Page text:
#include <stdio.h>#include<string.h>#include<string.h>Charstr1[ -],str2[ -];intLen;intCalChar*STR1,Char*str2) { intret=0, I; for(i=0; str1[i]&&str2[i];i++) { if(str1[i]==Str2[i]) ret++; } returnret;}intMaxintAintb) { intZ; Z= (a>b)?a:b; returnZ;}intgcdintAintb) { if(a==0) return 1; if(a%b==0) returnb; Else { returnGCD (b, (a%b)); }}/*int gcd (int a, int b) {if (a==0) return 1; while (1) {int r=a%b; if (r==0) return B; else {a=b; B=r; } }}*/intFindlargest (Char*STR1,Char*str2) { inti,j; intLen1=strlen (STR1);//len1 Len2 is placed in the calling function, saving time, not re intLen2=strlen (STR2); Len=len1+Len2; intret=cal (STR1,STR2); for(i=1; i<len1;i++) {ret=max (Ret,cal (str1+i,str2)); } for(j=1; j<len2;j++) {ret=max (Ret,cal (str1,str2+j)); } returnret;}intMain () {intans; while(SCANF ("%s", str1), strcmp (STR1,"-1"))//input-1, which is two characters in the array { intG; scanf ("%s", STR2); Ans=findlargest (STR1,STR2); Ans*=2; G=gcd (Ans,len); Ans/=G; Len/=G; if(ans==0) printf ("appx (%s,%s) =%d\n", STR1,STR2,0); Else if(len==1) printf ("appx (%s,%s) =%d\n", Str1,str2,ans); Elseprintf ("appx (%s,%s) =%d/%d\n", Str1,str2,ans,len); } return 0;}

Euclid's Algorithm, written by itself:

intgcdintAintb) { if(a==0) return 1; while(1) { intr=a%b; if(r==0) returnb; Else{a=b; b=R; } }}

The Recursive method writes:

int gcd (intint b) { if(a==0) return 1; if (a%b==0) return b; Else { return gcd (b, (a%b));} }

Euclidean algorithm is called greatest common divisor, used to seek the greatest common divisor greatest common divisor, GCD representative function name

Algorithm Description: 1. Set A%b=r, if r==0,b is greatest common divisor, return b,2 otherwise a<--b,b<--r, repeat the first step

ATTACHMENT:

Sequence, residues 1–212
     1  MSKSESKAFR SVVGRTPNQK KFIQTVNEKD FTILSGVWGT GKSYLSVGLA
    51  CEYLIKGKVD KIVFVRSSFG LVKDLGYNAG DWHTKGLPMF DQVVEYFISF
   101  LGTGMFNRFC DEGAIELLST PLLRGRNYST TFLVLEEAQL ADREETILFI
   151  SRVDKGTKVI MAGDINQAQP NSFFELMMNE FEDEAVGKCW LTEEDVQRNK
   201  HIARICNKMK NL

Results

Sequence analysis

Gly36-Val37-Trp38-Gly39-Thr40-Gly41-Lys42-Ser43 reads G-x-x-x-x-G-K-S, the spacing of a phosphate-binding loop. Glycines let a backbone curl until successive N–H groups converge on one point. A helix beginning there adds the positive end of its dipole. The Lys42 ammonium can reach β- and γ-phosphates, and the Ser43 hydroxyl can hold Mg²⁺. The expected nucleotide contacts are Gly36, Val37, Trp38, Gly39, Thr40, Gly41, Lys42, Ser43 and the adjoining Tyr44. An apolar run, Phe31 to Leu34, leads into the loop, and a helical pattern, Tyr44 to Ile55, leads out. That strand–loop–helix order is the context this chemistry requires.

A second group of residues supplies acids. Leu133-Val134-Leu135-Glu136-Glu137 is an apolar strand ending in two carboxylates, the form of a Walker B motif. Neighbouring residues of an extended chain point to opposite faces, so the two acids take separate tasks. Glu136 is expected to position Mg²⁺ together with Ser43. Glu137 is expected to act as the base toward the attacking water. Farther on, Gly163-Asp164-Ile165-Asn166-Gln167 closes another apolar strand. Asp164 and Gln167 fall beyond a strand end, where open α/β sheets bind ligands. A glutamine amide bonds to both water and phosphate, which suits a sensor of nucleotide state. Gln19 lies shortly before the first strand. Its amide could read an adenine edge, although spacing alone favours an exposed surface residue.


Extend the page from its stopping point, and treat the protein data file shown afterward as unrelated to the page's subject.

It is possible that the gcd (int a, int b), the numerator is 0,return 1,o and any positive greatest common divisor is 1, the fraction numerator, if the molecule is 0, the direct output 0

If the denominator is 1, indicating that the molecular score is large, the output molecule on the line, the problem may only be used for the fraction value of 1 cases

Some Euclidean algorithm description requires if the A<B exchange value, in fact, in the above two algorithms, a=3,b=13

A%b=3! = 0, according to Euclidean algorithm description, a<--b,b<--r,a=13,b=3. The second of the loop, or the second of the recursion, does not actually change the value.

will also become 13%3, so Euclid's algorithm is suitable for large or high denominator situations.

The algorithm ends with a condition of a%b==0, which returns the value of B

Re several times, before the len1,len2 into a global variable, RE, then len1,len2, placed in the Findlargest function as a temporary variable, left Len a global

Should be to save a lot of space, visible: the use of global variables to be cautious

In addition to this algorithm, the idea:

The Cal (Char *str1, char *str2) starts the string from the incoming address in the left-aligned findlargest inside the first for loop:

Second

poj1580---Euclidean algorithm (Euclidean method)